So a couple of years ago we had a pretty bad ice storm here on the east coast and there were thousands of homes left without power for a week or more. As with any disaster one can expect the criminals to come out of the woodwork and make a bad situation worse. Well as luck would have it my brother in law was one of the people that had their homes robbed while they “seeking shelter” elsewhere. Among the items stolen was their sons’ Sony PlayStation 3. Of course the requisite police report was filed and as is usually the case, none of his property was ever recovered.
Now someone can easily have an alarm system installed in their home which can deter some burglars, but let’s be honest, even the best alarm systems have “holes” in them. So I got to thinking, why spend the money on a home security system that might deter a burglar when we can catch the burglar instead and possibly get him off the streets.
I spoke with several law enforcement personnel and sure enough, video game consoles are one of the most popular items stolen from home break ins. So a quick search on Ebay showed several empty Sony PlayStation 3 cases in the $20 range that would work for my project.
Introducing the I2C GPS Shield, an Arduino based shield that gives the user the ability to access most of the commonly used GPS data using the I2C protocol. The shield features an ultra high sensitive -165dBm GPS receiver. The shield is directly compatible with the Diecimila, Duemilanove and Uno. The shield can also be modified to work with the Arduino Mega by removing two solder jumpers and soldering external wires to the SDA and SCL lines.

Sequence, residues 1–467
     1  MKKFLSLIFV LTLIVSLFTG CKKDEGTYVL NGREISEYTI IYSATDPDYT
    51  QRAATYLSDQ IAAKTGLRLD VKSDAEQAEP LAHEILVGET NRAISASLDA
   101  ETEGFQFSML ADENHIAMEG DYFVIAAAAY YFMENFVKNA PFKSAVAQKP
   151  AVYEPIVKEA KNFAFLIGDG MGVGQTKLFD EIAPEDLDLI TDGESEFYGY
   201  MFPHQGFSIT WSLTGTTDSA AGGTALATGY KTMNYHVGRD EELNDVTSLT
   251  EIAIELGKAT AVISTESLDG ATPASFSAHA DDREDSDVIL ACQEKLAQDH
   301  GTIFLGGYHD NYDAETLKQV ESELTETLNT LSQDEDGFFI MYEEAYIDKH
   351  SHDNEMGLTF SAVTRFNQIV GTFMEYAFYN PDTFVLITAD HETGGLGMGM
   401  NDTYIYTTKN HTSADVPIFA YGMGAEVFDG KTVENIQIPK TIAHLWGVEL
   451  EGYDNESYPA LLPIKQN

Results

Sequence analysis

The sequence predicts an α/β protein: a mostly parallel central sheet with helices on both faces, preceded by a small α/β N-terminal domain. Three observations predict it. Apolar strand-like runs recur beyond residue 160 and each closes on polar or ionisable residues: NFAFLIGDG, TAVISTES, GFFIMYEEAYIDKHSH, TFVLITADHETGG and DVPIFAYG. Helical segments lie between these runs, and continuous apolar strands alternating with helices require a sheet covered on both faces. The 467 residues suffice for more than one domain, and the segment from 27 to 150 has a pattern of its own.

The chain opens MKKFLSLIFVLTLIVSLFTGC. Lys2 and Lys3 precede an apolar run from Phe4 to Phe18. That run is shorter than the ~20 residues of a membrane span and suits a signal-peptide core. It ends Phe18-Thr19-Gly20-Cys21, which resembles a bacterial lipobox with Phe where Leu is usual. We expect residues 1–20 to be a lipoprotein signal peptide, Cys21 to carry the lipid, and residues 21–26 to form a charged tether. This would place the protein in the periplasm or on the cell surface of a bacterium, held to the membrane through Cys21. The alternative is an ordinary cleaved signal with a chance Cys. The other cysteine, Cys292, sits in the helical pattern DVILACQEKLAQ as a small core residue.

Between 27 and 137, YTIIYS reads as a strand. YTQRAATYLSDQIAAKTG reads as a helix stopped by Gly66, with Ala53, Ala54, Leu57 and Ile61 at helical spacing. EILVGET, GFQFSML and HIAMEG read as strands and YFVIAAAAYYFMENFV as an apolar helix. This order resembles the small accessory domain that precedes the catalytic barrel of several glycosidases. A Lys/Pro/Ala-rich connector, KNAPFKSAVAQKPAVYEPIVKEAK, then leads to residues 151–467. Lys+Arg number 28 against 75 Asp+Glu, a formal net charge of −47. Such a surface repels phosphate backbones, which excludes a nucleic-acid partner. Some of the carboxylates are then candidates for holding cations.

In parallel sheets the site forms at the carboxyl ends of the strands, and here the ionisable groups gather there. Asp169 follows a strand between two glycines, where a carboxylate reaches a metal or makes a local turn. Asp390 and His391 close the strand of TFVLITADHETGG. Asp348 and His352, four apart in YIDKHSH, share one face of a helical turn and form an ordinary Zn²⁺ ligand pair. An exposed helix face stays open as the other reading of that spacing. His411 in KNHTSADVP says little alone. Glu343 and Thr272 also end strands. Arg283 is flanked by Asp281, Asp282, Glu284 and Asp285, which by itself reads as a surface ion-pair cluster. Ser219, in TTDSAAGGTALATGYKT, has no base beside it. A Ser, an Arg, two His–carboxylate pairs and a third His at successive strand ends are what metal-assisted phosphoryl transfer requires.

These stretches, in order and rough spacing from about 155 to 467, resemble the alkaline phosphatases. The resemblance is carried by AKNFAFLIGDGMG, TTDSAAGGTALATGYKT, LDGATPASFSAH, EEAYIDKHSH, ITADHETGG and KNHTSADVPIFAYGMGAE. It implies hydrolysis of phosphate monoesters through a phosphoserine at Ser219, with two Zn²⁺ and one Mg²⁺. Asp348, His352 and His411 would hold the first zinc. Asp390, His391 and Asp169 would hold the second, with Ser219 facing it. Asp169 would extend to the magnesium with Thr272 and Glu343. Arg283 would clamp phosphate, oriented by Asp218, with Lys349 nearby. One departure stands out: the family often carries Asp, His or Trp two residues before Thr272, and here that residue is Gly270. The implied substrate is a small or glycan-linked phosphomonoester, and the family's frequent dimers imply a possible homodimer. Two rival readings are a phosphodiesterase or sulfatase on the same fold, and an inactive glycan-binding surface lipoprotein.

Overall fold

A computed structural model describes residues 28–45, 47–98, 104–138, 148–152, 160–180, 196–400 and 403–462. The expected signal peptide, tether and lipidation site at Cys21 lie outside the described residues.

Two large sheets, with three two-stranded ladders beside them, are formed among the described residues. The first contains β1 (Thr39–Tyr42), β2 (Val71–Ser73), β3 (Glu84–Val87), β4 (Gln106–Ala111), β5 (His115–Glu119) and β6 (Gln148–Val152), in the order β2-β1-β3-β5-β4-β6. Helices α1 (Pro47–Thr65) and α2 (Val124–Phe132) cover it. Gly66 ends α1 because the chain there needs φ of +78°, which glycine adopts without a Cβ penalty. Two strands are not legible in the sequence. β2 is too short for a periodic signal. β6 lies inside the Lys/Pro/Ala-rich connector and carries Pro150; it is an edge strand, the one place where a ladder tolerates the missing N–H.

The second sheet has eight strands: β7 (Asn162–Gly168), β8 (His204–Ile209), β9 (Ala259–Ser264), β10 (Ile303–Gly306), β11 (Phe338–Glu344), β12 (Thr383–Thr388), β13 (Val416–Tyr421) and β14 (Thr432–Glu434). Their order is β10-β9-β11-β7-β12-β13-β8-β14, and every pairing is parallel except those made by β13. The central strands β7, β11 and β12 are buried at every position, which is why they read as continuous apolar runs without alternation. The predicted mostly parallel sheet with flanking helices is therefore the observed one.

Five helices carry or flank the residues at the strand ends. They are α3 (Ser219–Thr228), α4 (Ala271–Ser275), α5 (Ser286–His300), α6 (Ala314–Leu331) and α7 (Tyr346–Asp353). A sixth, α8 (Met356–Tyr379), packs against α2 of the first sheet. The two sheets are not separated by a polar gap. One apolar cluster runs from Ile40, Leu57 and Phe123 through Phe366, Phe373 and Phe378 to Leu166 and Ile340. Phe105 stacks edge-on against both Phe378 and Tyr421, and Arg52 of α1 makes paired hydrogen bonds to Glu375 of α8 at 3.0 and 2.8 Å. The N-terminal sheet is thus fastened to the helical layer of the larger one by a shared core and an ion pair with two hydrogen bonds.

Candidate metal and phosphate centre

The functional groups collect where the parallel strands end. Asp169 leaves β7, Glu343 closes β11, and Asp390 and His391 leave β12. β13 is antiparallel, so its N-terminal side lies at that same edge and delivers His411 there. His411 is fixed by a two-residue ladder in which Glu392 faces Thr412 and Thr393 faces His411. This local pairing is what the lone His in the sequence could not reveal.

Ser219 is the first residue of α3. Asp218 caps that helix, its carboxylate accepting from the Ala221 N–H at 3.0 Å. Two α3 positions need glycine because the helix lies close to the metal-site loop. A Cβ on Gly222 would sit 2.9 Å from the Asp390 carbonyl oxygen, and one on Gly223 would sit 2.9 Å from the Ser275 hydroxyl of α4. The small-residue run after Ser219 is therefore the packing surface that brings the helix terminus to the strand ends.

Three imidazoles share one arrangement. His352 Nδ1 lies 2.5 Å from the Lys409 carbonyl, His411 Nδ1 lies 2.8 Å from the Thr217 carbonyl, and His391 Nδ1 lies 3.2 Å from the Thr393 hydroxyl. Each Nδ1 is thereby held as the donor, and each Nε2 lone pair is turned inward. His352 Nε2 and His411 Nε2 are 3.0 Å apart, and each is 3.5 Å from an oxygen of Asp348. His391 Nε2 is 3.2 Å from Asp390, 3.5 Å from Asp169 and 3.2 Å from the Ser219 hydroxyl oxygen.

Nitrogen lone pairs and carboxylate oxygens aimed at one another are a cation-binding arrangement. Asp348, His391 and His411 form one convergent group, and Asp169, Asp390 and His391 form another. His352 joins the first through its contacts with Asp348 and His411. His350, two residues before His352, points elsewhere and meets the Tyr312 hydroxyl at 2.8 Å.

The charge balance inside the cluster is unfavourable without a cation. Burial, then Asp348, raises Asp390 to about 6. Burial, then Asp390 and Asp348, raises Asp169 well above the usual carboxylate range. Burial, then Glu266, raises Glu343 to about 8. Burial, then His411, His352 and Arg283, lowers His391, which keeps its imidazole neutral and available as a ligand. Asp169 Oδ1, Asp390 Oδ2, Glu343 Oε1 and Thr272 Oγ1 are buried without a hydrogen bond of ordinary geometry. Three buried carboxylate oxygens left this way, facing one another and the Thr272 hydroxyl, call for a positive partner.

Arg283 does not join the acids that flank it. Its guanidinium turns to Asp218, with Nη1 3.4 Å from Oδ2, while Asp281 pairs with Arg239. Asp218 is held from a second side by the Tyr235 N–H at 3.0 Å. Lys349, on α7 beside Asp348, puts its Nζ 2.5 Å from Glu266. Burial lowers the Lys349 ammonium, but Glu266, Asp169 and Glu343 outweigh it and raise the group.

Standard GPS modules output NEMA 0183 data in serial format which then need to be read and parsed. While there are several libraries out there that will parse the data some users still have trouble incorporating the overall code into their designs.
As most people know Honeywell recently discontinued production on the popular HMC5843 3-Axis Magnetometer. Honeywell replaced it with the HMC5883L which has a better resolution, larger full scale range, consumes less power, comes in a smaller package and most importantly...it's much CHEAPER in price! Needless to say I placed a backorder for the parts in December and was pleasantly surprised when they arrived yesterday. I pulled out the prototype board I had made and proceeded to mount all the components. I placed the populated board in my handy reflow oven and a few minutes later...VOILA....we had a breakout board.